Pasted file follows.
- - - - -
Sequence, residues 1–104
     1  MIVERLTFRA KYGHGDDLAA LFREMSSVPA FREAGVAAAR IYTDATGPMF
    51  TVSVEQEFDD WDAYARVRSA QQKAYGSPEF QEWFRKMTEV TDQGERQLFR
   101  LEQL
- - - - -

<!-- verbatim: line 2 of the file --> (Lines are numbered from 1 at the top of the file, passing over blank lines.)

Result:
     1  MIVERLTFRA KYGHGDDLAA LFREMSSVPA FREAGVAAAR IYTDATGPMF